Notes from the Strange Loop talk 'Unison: a new distributed programming language'

Notes from the Strange Loop talk 'Unison: a new distributed programming language'

These are my notes from the mind-expanding talk “Unison: a new distributed programming language” by Paul Chiusano.

Unison is an open source functional programming language with special support for building distributed, elastic systems. It began as an experiment: rethink all aspects of the programming experience, including the core language, runtime, tooling, as well as code versioning and publishing, and then do whatever is necessary to eliminate needless complexity and make building software once again delightful, or at the very least, reasonable.

We’re used to thinking of a program as a thing that describes what a single OS process will do, and then using a separate layer of technologies outside of our programming languages to “configure” many separate programs into a single distributed, elastic “system”. This gets complicated. The core language of Unison starts with the premise that no matter how many nodes a computation occupies, it should be expressible via a single program, not many separate programs. Unison programs can describe their own deployment, elastically scale and orchestrate themselves, and deploy themselves in parallel onto any number of nodes for execution.

This talk introduces the Unison language and its tooling and shows what it can be like to program systems of any size with this model of computing.

Paul Chiusano
Unison Computing
@pchiusano

Paul Chiusano started the research that led to the Unison language and is a cofounder of Unison Computing, a public benefit corp. He has over a decade of experience with purely functional programming in Haskell and Scala and coauthored the book Functional Programming in Scala. He lives and works in Somerville, MA.

Unison is language inspired by Haskell, Erlang and Frank, designed in a way that lends itself to some amazing characteristics. The issues that Unison addresses cause tons of headache and lost hours in other languages and build systems.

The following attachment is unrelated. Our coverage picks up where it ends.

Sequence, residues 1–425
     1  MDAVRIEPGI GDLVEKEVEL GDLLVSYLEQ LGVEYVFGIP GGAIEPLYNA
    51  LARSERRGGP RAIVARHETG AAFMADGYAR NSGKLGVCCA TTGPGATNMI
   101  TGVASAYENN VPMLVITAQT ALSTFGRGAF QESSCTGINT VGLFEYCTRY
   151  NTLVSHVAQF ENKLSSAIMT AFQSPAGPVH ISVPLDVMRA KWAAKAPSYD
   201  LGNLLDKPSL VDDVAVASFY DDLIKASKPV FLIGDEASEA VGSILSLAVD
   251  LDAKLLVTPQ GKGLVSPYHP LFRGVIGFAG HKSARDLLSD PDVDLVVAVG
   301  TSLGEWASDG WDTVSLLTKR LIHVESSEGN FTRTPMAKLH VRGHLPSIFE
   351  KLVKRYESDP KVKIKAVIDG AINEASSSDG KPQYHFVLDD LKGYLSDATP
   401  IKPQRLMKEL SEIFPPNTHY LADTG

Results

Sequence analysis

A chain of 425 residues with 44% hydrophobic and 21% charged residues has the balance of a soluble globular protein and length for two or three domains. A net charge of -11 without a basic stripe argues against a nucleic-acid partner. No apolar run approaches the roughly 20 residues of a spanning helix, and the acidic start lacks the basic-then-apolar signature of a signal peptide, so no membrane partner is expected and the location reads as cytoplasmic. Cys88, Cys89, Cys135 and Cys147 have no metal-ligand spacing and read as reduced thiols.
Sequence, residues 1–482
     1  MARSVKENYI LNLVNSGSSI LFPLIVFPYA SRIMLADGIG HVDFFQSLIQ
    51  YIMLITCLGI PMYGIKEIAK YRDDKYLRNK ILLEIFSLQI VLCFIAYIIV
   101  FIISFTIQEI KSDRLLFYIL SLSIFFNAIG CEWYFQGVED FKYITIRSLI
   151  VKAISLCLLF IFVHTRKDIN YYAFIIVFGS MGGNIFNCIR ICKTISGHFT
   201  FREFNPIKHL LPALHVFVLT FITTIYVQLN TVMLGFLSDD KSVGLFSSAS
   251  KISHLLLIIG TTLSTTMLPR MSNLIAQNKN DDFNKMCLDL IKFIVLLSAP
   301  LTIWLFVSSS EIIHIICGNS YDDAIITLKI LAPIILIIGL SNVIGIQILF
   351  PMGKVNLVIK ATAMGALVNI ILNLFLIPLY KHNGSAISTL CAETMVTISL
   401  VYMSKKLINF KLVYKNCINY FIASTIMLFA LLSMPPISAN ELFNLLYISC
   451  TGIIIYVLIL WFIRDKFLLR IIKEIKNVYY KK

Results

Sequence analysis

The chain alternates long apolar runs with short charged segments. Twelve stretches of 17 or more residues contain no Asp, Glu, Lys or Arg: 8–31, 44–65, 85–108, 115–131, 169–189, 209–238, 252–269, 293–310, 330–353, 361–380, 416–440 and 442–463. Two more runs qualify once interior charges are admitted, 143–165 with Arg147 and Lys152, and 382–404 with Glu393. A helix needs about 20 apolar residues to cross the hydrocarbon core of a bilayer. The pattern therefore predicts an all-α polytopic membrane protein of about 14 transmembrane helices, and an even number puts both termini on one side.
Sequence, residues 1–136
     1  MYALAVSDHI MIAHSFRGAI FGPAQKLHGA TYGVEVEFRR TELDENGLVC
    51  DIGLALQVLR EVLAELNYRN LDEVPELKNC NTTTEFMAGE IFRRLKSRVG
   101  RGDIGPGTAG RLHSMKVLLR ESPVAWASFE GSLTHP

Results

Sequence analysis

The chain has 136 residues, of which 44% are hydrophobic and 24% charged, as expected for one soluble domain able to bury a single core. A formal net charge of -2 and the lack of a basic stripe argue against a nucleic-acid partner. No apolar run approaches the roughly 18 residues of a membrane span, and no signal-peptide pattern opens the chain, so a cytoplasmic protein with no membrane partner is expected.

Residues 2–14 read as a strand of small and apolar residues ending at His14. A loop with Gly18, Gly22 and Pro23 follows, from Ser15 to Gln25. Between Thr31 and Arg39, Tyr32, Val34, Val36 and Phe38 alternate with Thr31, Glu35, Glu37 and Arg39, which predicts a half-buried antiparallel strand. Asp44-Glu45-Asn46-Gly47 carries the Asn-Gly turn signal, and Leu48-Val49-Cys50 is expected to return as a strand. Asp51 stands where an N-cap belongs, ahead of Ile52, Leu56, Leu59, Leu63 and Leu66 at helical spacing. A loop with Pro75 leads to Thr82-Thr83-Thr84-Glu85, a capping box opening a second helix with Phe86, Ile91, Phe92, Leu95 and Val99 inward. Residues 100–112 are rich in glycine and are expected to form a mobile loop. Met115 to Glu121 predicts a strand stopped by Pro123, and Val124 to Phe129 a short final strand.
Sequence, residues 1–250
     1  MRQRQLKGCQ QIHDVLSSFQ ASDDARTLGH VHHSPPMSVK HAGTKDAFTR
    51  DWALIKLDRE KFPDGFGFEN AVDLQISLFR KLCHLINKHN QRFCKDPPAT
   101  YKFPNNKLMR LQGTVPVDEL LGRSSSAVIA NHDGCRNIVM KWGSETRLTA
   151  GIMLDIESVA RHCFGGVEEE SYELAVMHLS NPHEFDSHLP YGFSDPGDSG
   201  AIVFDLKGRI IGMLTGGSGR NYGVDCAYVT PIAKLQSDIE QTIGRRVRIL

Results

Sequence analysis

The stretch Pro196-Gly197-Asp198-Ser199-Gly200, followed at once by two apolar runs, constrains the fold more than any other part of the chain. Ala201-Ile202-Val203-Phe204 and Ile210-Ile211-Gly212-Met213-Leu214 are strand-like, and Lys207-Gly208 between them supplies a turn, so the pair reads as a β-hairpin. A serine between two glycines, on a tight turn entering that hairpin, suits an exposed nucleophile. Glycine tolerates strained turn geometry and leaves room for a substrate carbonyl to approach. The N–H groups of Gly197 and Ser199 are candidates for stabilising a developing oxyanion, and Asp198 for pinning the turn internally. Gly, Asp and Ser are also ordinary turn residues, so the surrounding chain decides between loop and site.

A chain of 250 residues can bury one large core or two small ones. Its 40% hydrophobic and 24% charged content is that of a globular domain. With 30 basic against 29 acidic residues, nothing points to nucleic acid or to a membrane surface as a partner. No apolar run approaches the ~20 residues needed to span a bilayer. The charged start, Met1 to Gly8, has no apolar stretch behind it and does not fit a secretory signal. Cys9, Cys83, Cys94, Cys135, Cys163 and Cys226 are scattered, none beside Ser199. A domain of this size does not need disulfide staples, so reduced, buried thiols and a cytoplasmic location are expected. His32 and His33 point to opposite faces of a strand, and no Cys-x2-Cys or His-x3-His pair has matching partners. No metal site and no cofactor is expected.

Unison’s goal is to drastically improve the developer experience around writing, testing and deploying code “by rethinking anything and everything about programming”.

The language is based on a core technical principle: content-addressed code. Definitions are identified by the hash of their content. Names are simply metadata for the purpose of human consumption but have no affect on code that depends on that function since they simply reference it by hash.

So what happens when you embrace this principle? You gain a ton of benefits, including:

  • Function renames never break the rest of the code, including downstream dependencies because all code is content-addressable via the hash of its definition. Names are just metadata attached to the hash.
  • No builds. Once someone adds a function to a codebase, its AST and metadata (like name) is built and stored in the code base, so when you checkout a code base everything is already built.
  • Cached test results. Test results can be cached because unit tests are pure (aka referentially transparent) and only run again if a function being called by the test changes.
  • Codebase is append only. Definitions are hashed, so if a definition changes a new hash is created and appended to the codebase. The cache never needs to be invalidated.
  • Code is indexed in interesting ways, such as by types like Nat -> [a] -> [a] which yields List.drop and List.take.
  • Solves the diamond dependency problem (e.g. D depends on B and C, but B and C both depend on A - which version of A does D get?). Libs in traditional langs operate on shared/global namespaces but since Unison relies on hashes instead of names there are no conflicts. Both “versions” of A can co-exist.
  • Typed durable storage. Typically when we persist data we serialize it into some other form like bytes, JSON, or SQL then write a ton of code to transfer in and out of that format and validate it back into some type, e.g. Employee. When you stop referring to things by name, multiple “versions” of a type can exist, and you can simply persist and un-persist structures.
  • 🤯 Programs that deploy themselves + describe whole elastic distributed systems 🤯
    • Because code is content-addressable it’s easy to distribute definitions across a cluster via nodes asking other nodes for the definition on demand when that node is asked to evaluate a function
    • Nodes require no setup to run your code other than provisioning Unison
    • Code can provision new nodes to run code at runtime
    • Think of it as “distributed programming as a library”
    • Abilities like Remote (which allows code to run on a remote machine) can be defined in the type system (this looks like a Type Class).
    • Can define custom ability types and a corresponding interpreter that encodes the meaning of that type i.e. what it does at runtime
      • e.g. Cloud.usEast.run '(dsort hugeDataset)
    • What about stateful elastic services?
      • Unison is researching this currently. For example: a system with high-concurrency that still involves some sort of consensus, like a KV store with updates happening concurrently on many nodes

Highly recommend watching the talk.

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Trevor Hartman

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